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Career Guidance in Island Communities

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Presentation by Rosie Alexander at the NVL seminar on Career Guidance, Faroe Islands, May 2017

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Career Guidance in Island Communities

  1. 1. Career Guidance in Island Communities: a Scottish Island Perspective Rosie Alexander University of the Highlands and Islands University of Derby
  2. 2. Structure of this presentation • Background to the research • Features of islands • Impact on career pathways • Impact on career guidance Photo presenter’s own
  3. 3. Background • Integrated university • 13 colleges and research centres • 8,300 HE students • 31,243 FE students
  4. 4. Research project • Aim: To identify how living in a remote island community prior to entering higher education impacts on students’ narratives of their career journeys. • Longitudinal qualitative approach – Initial survey – Interview with a sample (23) at the point of graduation (Spring 2015) – Survey with the same participants in January 2016 – Second interview with participants in Autumn 2016 • In addition: analysis of background statistics • Supervised by Professor Tristram Hooley and Dr Siobhan Neary, iCeGS
  5. 5. Shetland Orkney Photos presenter’s own
  6. 6. Islands: key features • Islands are small • Mobility is important • Islands are connected • Island economies have particular characteristics Photo courtesy of Ronnie Robertson via Flickr
  7. 7. 1. Islands are small “Everyone knows everyone” – Lack of qualified personnel – Occupational multiplicity – Chameleon expertise – Personalised hierarchies – Role of reputation – Management of intimacy – Conflict avoidance Sultana (2006) Restricted labour market Photo presenter’s own
  8. 8. 2. Island economies are particular • MIRAB, PROFIT, SITE (Bertram, 2006) • Aquapelago (Alexander, 2015) Photos courtesy of flickr: nz_willowherb, eutrophication&hypoxia, Herry Lawford
  9. 9. 3. Mobility and islands are inextricably linked • Goods, services and personnel all brought in. • Common migration patterns: youth out-migration, in- migration from older lifestyle migrants. King (2009), McCall (1994) Photo presenter’s own
  10. 10. 4. Islands are connected • Physical: transport links • Social: Island diaspora • Economic: trade The contested ‘periphery’ – islands may be centres. Sumburgh Flight routes: courtesy of www.hial.co.uk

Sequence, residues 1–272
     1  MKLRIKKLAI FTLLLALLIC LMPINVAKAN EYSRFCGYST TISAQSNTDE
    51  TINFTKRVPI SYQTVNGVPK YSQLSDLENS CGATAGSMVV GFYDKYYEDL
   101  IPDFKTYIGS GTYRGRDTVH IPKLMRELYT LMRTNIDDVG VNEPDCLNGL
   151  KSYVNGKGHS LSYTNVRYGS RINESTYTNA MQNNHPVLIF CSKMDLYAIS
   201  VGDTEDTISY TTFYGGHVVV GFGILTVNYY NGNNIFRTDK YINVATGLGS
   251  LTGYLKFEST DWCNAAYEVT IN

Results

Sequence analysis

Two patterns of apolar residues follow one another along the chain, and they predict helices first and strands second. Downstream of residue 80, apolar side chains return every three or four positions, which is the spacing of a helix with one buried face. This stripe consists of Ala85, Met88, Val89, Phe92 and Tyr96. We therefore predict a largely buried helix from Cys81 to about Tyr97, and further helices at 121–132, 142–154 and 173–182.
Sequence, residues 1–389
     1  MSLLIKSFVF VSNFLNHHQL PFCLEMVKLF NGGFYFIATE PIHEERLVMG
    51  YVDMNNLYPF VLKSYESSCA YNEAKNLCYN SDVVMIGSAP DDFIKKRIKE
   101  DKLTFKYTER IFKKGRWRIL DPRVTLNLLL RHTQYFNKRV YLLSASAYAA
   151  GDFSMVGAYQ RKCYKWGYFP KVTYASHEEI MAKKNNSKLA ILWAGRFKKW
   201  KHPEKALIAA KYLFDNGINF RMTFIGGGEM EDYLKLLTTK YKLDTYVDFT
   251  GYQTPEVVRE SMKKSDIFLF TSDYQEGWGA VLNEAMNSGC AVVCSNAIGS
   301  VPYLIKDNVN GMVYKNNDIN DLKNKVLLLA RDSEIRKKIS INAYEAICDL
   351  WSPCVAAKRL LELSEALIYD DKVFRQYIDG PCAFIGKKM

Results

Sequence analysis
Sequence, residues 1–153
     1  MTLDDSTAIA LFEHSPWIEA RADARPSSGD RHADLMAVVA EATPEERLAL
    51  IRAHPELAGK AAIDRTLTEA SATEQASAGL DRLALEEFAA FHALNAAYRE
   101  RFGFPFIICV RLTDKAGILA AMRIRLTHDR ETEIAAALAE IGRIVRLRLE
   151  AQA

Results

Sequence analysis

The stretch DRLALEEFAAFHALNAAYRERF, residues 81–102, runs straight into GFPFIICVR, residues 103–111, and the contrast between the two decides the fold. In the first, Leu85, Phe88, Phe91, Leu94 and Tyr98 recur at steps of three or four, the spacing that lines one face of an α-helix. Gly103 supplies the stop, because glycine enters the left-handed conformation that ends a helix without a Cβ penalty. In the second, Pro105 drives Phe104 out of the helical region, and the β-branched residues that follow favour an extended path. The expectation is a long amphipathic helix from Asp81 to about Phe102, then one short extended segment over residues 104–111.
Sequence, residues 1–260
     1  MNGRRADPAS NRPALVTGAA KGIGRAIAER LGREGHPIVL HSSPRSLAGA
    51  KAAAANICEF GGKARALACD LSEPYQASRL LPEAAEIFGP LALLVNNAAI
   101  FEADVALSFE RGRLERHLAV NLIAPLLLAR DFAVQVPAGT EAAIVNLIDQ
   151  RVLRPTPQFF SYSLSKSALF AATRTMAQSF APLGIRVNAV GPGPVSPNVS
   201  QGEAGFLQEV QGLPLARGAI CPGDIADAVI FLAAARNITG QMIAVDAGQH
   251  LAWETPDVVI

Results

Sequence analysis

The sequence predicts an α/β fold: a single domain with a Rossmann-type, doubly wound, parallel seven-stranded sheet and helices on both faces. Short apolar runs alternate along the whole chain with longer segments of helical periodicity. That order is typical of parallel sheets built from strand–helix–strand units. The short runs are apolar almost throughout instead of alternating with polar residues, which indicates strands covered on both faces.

11. 11. Implications for career developmen Photo courtesy of Julien Carnot via Flickr
  12. 12. Island career development • Models of career development: chameleon careers. Strategic approach. (Sultana, 2006) • Career skills: flexibility, practicality, enterprise, ‘social floating’. • Job-search ‘below the radar’(Alexander, 2013)
  13. 13. Career choice Career choice may be influenced by: • Awareness of different jobs. • Availability of work experience • Social and family environment Image courtesy of: eutrophication&hypoxia on Flickr
  14. 14. Moving away • “Learning to leave” (Corbett 2007) - mobility may be assumed but is not straightforward • Mobility capital – background, financial resource, social networks are all important • Certain places may be more attractive than others. (Alexander, 2016) Photo courtesy of Alan Jamieson on Flickr
  15. 15. Returning home? • Return migration especially for: – Child-rearing – Quality of life – Proximity to family • Islands as a stable base • Being away but ‘close enough’ • Retaining island links Photo presenter’s own
  16. 16. Implications for guidance Careers advisers need to: • Explore experiences of place • Explore mobility • Explore wider life choices • Make geographical considerations explicit Photo courtesy of pixabay.com
  17. 17. Thank you • Email: rosie.alexander@uhi.ac.uk • Website: rosiealexander.wordpress.com • Twitter: @rosie148
  18. 18. Reflective questions • What is your experience of career development (your own or other people’s) in island communities? • What is your experience of careers guidance and counselling in island communities? • How might you adapt your practice to accommodate the specific needs of island communities?
  19. 19. References • Alexander, R. (2013) ‘Here you have to be a bit more fluid and willing to do different things’: Graduate career development in rural communities’, Journal of the National Institute for Career Education and Counselling v31: 36-42 • Alexander, R. (2015) Career decision making in island communities: Applying the concept of the aquapelago to the Shetland and Orkney Islands. Shima: The International Journal of Research into Island Cultures, 9(1), 38-52. • Alexander, R. (2016) Migration, education and employment: socio-cultural factors in shaping individual decisions and economic outcomes in Orkney and Shetland. Island Studies Journal, 11(1), 177-192 • Bertram, G. (2006) ‘Introduction: The MIRAB model in the twenty-first century’, Asia Pacific Viewpoint, v47 n1: 1-13 • Corbett, M. (2007) Learning to Leave: The Irony of Schooling in a Coastal Community. Nova Scotia: Fernwood Publishing. • King R (2009) ‘Geography, Islands and Migration in an Era of Global Mobility’ Island Studies Journal vol.4 no. 1 pp53-84 • McCall, G (1994) ‘Nissology: A Proposal for Consideration’ Journal of the Pacific Society Vol 17, 2-3 pp. 1-14 • Sultana R (2006) Challenges for Career Guidance in Small States. Malta: EMCER.

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